“I distinctly remember sitting in the hospital room with him having conversations about how we were going to work up his particular infection,” she said of Sagan. “He was such an interesting individual and a friendly man. He was someone I had seen on TV as a kid, and it was kind of overwhelming to have someone like that entrusted to your care.”
But Mattson was adamant that, just as cancer does not discriminate between celebrities and the person next door, neither do caregivers.
“My goal has been to make sure everybody got the same level of attention,” she said — a level of attention that has earned her recognition multiple times in Seattle Met Magazine as a top physician assistant in infectious diseases.
Here is one of the hard truths of being a cancer caregiver: Even with the best care in the world, not everyone makes it.
How does she cope?
“I think everybody has to figure out how you’re going to do it,” she said. “You want to be present for the patient. But if you become emotionally involved with all of them or even most of them, you won’t be able to do your job.”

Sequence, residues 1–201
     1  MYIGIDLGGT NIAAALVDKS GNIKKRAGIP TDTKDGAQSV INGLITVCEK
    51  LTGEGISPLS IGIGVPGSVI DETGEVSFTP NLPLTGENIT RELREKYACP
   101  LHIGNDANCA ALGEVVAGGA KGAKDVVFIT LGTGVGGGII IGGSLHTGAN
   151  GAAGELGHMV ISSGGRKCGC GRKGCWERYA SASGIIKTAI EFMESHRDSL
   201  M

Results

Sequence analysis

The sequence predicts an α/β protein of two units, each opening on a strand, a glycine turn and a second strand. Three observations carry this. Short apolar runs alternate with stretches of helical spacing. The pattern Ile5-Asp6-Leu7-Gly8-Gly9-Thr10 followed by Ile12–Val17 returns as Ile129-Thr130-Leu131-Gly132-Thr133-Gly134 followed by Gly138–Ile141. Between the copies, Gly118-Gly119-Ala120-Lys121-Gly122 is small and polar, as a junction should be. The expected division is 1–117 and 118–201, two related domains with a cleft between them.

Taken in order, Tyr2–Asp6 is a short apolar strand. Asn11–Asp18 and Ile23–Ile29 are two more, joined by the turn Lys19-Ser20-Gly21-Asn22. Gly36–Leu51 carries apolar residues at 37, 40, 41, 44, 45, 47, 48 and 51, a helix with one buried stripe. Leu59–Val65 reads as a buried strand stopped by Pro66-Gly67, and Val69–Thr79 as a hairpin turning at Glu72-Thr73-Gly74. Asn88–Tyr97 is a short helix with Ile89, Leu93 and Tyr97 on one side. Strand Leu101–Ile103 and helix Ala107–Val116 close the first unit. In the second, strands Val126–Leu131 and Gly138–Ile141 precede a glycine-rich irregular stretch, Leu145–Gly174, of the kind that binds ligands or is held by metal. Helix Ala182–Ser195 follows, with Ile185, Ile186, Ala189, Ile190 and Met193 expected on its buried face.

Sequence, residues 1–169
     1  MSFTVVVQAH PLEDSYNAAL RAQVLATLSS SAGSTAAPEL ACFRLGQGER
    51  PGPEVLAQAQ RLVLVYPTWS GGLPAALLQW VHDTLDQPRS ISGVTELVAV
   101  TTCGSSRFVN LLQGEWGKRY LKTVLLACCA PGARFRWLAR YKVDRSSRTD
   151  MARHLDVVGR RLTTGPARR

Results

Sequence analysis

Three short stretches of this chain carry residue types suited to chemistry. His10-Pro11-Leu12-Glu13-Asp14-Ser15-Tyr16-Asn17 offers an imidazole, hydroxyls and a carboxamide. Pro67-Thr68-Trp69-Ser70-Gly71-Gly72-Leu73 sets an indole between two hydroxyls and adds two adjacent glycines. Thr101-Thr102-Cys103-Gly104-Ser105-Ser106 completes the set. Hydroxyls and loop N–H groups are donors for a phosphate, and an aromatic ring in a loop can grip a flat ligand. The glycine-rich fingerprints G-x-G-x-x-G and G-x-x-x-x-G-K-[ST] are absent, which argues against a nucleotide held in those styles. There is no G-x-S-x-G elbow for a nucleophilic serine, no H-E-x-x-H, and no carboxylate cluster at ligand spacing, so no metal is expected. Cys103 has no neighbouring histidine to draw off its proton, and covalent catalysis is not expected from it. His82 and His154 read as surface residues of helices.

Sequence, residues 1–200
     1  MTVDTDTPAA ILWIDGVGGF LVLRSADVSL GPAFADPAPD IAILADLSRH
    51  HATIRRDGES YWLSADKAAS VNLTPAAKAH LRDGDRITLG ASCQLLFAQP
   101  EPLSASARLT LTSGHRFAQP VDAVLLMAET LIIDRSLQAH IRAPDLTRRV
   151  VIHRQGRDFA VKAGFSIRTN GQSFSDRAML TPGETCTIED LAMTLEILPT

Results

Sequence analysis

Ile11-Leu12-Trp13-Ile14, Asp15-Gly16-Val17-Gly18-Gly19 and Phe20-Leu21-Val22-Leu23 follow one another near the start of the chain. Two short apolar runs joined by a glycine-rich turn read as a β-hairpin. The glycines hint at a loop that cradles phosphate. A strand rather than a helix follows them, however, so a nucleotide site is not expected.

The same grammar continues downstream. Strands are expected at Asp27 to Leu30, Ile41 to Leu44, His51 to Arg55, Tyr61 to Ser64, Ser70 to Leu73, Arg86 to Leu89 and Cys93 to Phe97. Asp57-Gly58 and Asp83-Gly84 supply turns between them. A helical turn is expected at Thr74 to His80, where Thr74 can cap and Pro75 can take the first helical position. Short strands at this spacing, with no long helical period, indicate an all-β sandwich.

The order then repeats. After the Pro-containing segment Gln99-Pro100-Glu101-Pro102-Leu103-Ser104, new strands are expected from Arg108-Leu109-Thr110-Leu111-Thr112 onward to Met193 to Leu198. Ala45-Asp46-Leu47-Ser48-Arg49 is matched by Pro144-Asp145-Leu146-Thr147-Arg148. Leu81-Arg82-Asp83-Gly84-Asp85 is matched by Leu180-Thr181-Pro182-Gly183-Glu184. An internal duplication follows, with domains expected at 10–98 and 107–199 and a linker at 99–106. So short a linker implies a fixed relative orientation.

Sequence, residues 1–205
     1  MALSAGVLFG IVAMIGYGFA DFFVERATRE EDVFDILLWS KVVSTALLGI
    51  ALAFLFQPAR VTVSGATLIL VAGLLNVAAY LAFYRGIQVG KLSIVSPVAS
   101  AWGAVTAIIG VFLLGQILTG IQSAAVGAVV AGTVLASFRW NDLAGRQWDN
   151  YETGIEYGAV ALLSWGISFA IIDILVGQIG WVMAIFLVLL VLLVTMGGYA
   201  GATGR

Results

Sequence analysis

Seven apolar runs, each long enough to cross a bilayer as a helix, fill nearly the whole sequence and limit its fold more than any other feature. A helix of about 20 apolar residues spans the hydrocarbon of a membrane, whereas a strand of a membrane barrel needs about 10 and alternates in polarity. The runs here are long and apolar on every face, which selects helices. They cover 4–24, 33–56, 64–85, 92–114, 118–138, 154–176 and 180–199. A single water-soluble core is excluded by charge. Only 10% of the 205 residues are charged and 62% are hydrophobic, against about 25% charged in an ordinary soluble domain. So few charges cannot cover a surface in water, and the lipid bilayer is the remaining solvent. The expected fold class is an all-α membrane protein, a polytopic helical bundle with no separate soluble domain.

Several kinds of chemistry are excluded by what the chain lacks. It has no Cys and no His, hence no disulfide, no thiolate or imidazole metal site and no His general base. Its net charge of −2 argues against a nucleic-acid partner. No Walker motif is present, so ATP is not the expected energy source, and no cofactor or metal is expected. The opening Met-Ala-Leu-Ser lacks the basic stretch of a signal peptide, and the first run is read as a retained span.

Mattson learned that lesson the hard way early on when taking care of pediatric patients. She would think they would make it through the transplant, and when they wouldn’t, “It was absolutely heartbreaking.”
“So I’ve gotten very good at trying to compartmentalize,” she said. “I am 100 percent invested in my patients and how they do. But if I lost it with every patient who did poorly, I would never be able to go back to work again.”
Mattson came to Seattle with her husband, John Phillips, who worked as a physician assistant at Swedish. (“We met over rat liver mitochondria [as undergraduates] at University of California, Santa Barbara,” she said. “It was incredibly romantic.”) Phillips is also retiring now, and the two — who moved to Seattle after falling in love with the city during bicycle trip in the 1980s — are looking forward to more time to travel.
Back at the Hutch, Mattson’s legacy will continue, not just in the lives of patients and families she helped but in infectious disease fellows she helped train — more than 150 of whom have rotated through the Infectious Disease Consult Service during her tenure.
Her advice to those who remain is as simple — and profound — as her proudest moments from her 30 years here.
“My life advice is just be kind,” she said. “I think it works.”